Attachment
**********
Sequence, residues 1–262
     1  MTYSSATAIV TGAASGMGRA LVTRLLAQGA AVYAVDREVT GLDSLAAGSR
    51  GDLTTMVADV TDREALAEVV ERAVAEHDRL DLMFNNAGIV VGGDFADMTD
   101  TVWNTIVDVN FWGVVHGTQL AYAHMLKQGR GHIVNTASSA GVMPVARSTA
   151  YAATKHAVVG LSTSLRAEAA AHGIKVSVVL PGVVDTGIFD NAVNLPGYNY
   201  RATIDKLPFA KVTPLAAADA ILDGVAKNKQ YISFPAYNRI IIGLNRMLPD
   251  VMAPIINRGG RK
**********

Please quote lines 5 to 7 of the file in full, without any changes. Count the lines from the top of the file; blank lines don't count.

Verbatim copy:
   151  YAATKHAVVG LSTSLRAEAA AHGIKVSVVL PGVVDTGIFD NAVNLPGYNY
   201  RATIDKLPFA KVTPLAAADA ILDGVAKNKQ YISFPAYNRI IIGLNRMLPD
   251  VMAPIINRGG RK